and empathy that we once knew.
But that are now hidden from the “wise and the intelligent.”
They become hidden because the deep, divine patterns of love are not the only patterns in our lives.
We are so good at seeing patterns that we often create patterns where none exist.
We create patterns based on our fear and isolation.
And we grow up in a world where everyone’s individual patterns,
everyone’s way of looking at the world—of being in the world—gets imposed on—tangled up in—overlaid on each other—and all these competing patterns obscure the deep pattern of connection and love.
The patterns of unresolved hurt and anger…
The patterns of our own disappointments and failures…
The patterns of shame and embarrassment we all feel at times…
Our own unexamined and unmet emotional needs, and those of our friends, loved ones, and colleagues, all create a matrix of complicated and conflicting patterns that bind us.
We are so good at recognizing patterns that we get trapped in a whole lot of them that are completely unhelpful to us, and often harmful to others.
This drink will make me feel better.
Buying that widget will numb the pain.
The world is what it is, and it doesn’t matter anyway.
Then there are the even more diabolical patterns that are created and transmitted by the fear that runs rampant in communities in every time and place.
We are imprinted with these patterns too.
Patterns that teach that “we” don’t associate with “those people”…
“those people” are unclean, don’t eat with them…
“that one is a drunkard and a glutton,” don’t go near him…
We don’t sing or dance with their type…
We can’t hire “them”…
We can’t support “them”…
“Those people” are our enemies, we don’t mourn for “them”…
We know these sinful patterns as well.
And too often, we are captive to this systemic sin that dwells within us.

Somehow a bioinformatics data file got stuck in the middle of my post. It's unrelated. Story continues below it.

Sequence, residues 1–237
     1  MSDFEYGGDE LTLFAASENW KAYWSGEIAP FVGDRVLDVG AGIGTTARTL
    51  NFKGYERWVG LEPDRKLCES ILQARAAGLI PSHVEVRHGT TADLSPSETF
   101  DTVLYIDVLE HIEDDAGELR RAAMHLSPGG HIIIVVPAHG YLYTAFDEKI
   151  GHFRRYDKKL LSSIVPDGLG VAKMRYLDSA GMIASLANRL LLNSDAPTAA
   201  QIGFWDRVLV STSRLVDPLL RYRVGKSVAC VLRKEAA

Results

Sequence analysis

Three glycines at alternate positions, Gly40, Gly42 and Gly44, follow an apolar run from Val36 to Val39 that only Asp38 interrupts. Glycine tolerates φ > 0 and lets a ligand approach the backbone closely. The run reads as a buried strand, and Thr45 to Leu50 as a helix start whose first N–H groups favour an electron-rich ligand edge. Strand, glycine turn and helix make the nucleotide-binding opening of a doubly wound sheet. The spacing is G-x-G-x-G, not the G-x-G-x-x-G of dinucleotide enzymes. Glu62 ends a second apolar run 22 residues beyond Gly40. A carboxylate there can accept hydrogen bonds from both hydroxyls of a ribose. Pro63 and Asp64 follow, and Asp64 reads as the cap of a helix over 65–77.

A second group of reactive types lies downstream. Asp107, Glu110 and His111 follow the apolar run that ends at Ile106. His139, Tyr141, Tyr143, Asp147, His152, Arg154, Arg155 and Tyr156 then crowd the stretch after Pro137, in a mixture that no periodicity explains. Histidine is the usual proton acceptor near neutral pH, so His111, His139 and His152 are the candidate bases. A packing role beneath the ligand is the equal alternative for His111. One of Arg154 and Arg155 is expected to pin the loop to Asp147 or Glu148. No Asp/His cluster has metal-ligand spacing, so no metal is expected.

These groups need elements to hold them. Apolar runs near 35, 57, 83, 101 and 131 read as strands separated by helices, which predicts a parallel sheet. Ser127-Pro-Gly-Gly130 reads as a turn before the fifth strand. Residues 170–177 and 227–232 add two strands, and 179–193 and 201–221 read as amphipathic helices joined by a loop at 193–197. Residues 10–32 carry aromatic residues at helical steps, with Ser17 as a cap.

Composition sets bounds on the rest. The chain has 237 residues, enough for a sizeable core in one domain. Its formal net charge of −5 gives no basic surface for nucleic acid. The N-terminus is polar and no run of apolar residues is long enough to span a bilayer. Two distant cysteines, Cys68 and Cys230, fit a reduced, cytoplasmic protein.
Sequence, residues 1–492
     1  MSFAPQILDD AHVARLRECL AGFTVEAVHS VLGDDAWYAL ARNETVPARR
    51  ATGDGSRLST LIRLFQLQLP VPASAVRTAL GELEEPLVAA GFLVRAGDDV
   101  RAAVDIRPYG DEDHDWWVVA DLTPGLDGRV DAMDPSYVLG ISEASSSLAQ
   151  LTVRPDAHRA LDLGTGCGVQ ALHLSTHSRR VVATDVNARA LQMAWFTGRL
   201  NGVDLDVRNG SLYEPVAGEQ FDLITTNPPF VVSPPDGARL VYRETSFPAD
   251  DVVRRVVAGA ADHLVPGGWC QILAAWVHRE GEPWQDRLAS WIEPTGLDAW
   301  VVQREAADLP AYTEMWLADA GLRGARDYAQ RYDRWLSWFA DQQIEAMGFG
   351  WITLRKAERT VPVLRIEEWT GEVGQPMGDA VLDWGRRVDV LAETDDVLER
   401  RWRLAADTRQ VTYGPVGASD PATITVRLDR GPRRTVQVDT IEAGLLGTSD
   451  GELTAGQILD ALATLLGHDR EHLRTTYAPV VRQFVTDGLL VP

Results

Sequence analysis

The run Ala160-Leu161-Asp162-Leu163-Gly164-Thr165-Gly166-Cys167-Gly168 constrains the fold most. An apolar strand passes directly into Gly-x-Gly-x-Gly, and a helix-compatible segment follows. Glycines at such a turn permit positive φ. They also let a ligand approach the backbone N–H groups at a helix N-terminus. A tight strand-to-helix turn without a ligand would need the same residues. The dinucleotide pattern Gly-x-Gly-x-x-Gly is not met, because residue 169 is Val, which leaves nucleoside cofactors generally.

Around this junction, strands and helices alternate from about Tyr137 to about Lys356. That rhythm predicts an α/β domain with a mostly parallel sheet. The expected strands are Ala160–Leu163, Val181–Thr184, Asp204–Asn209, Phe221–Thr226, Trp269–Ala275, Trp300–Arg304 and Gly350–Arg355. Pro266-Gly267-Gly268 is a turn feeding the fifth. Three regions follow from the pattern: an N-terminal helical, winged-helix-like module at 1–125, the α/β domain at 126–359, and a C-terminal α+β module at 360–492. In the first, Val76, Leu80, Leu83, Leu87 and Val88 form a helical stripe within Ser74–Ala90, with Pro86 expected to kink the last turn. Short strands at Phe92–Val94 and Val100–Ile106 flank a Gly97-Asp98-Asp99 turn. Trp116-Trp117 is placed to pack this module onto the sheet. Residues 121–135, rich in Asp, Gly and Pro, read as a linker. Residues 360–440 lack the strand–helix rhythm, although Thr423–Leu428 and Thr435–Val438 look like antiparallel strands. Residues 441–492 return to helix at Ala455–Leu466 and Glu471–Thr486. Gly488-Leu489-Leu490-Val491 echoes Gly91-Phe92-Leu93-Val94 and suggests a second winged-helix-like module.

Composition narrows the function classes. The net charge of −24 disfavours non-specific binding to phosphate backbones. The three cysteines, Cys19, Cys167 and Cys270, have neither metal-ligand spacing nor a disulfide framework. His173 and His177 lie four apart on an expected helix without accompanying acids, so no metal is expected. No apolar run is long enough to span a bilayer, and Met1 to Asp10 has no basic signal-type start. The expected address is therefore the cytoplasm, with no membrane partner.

But Paul knows—just as we do too—that there is another pattern below these sinful patterns.
Jesus is calling us back to that original—true—divine pattern
The one we are all made in the image of.
The pattern that sees needs and responds with compassion.
The pattern that recognizes that the weary and heavy laden need rest.
That sees someone mourning—even an enemy—and weeps with them.
That is willing to risk looking and sounding foolish to sing and dance with any song.
This is the deep, eternal pattern of justice.
A pattern where a hand outstretched for bread receives it.
And a parched throat receives water or wine.
Jesus is calling us back to this original pattern that we know deep down.
And with a little help and encouragement, together we can remember how deeply it is inscribed in us.
For me the purpose of our spiritual journey is a persistent learning and relearning…
remember and responding to those patterns.
Remembering them and then shaping our lives according to them.
The work of our spiritual life—in the disciplines of prayer and worship and studying scripture, and working as the Body of Christ in the world, and rest—Sabbath—
all those divine patterns that we’re encouraged to yoke ourselves to—
are all ways to help us unlearn those false, sinful patterns that our culture imposes on us—imprints on us—binds us with.
And to help us reawaken to those deeper patterns…
Those divine patterns of love, and gratitude, and generosity, and faith.
May we be given the grace to see and hear and live into those eternal patterns so that we might be free to dance, and sing.